Before Barack Obama follows through on tough talk about global “labor standards,” Nicholas Kristof of the New York Times wants to take him to a certain garbage heap in Cambodia. Here, where families live in shacks, scavenging in the hot sun, a sweatshop job is “a cherished dream, an escalator out of poverty.” Such places need more sweatshops, not fewer, Kristof writes.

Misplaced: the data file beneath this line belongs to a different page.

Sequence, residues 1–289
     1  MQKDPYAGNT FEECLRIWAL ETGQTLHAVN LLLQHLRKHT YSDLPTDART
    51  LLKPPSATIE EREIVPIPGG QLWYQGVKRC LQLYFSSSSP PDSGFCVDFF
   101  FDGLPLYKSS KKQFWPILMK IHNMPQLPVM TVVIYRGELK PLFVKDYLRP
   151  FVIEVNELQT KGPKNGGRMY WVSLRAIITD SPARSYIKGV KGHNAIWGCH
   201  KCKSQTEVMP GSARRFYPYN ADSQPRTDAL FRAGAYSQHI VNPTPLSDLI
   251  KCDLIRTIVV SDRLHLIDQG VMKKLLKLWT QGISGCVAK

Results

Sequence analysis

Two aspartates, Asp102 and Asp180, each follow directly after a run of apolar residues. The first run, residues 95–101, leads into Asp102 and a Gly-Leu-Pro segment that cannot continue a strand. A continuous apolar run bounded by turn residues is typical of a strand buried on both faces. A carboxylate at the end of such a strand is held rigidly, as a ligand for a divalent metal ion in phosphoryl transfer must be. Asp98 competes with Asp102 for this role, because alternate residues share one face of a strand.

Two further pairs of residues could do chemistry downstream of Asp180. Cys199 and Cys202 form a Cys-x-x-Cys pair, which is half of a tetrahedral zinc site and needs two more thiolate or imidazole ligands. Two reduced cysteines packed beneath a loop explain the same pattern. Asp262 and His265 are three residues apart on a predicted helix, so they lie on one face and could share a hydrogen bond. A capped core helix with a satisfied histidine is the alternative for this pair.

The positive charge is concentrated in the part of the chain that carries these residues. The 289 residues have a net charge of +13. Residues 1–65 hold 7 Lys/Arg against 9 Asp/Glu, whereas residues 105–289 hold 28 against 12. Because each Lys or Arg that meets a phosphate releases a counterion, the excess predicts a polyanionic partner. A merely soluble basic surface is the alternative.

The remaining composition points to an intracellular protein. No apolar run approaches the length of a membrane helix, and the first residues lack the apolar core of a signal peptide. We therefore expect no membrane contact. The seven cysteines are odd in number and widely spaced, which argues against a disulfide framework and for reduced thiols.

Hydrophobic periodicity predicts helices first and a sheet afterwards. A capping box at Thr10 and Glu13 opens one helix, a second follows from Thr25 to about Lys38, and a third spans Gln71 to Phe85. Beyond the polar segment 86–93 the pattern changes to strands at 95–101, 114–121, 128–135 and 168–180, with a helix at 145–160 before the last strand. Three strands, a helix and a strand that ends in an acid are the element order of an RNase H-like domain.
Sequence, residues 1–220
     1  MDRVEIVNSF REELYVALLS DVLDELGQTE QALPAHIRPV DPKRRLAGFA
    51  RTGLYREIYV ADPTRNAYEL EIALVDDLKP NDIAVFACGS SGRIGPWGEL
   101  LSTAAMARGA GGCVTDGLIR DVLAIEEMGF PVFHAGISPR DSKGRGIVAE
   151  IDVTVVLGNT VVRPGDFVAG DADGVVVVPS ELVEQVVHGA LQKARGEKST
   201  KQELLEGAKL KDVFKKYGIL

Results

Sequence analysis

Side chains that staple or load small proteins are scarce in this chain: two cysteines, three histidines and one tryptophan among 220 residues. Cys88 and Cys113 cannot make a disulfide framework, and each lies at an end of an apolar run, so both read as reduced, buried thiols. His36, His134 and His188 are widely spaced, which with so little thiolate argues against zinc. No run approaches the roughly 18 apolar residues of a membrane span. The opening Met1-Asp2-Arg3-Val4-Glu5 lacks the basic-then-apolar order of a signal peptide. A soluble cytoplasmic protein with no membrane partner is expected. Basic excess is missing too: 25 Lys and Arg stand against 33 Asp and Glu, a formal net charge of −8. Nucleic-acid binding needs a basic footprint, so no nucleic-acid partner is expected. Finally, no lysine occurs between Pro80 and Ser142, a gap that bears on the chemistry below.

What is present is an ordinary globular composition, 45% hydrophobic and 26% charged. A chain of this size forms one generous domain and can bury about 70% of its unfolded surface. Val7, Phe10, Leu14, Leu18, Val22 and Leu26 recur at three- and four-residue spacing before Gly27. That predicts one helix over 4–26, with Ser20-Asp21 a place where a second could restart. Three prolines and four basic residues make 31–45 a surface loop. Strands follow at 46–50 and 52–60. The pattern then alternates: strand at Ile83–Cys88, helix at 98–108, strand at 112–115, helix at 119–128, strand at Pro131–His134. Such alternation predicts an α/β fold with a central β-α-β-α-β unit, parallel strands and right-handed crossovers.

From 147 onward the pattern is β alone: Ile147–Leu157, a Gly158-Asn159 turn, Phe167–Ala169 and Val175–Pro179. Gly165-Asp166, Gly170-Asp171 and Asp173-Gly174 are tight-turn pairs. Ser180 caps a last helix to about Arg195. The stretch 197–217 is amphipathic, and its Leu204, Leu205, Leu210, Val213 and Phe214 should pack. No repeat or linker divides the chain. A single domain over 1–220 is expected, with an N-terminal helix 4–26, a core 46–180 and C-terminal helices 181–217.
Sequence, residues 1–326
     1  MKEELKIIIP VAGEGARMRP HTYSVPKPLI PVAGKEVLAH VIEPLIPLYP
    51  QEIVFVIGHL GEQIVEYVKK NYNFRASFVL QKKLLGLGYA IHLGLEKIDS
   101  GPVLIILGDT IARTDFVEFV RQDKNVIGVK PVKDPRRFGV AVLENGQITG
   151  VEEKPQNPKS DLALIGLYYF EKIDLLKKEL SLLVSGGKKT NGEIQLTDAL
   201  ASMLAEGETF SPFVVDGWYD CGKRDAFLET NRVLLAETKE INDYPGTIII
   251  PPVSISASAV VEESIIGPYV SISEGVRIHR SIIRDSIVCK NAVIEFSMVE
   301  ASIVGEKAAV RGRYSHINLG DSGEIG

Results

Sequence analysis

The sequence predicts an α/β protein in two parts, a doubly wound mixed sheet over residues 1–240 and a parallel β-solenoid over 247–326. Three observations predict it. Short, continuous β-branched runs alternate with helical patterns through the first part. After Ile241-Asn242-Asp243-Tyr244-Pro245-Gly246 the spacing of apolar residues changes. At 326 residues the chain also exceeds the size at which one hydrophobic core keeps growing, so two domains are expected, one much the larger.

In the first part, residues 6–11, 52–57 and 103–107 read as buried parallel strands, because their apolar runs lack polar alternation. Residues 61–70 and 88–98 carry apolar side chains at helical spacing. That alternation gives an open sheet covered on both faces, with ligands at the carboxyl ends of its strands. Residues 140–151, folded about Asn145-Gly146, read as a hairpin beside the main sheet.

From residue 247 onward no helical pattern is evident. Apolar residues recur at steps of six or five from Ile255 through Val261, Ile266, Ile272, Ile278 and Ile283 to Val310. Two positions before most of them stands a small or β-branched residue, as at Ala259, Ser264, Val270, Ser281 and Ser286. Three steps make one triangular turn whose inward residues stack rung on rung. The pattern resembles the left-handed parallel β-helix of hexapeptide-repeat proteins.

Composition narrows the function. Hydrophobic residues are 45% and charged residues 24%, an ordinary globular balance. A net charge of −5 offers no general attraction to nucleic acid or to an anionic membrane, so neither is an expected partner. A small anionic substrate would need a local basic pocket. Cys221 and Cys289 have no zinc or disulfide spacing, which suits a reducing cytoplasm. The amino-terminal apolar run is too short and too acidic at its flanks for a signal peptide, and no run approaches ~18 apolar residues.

“I’d love to get a job in a factory,” said one 19-year-old scavenger. “At least that work is in the shade.” Living in East Asia, Kristof has seen sweatshops improve the standard of living. Raising labor standards will encourage more expensive factories in better-off places like Malaysia. Cambodia needs those jobs. “It’s dirty, hot and smelly here,” says a 13-year-old of the heap. “A factory is better.”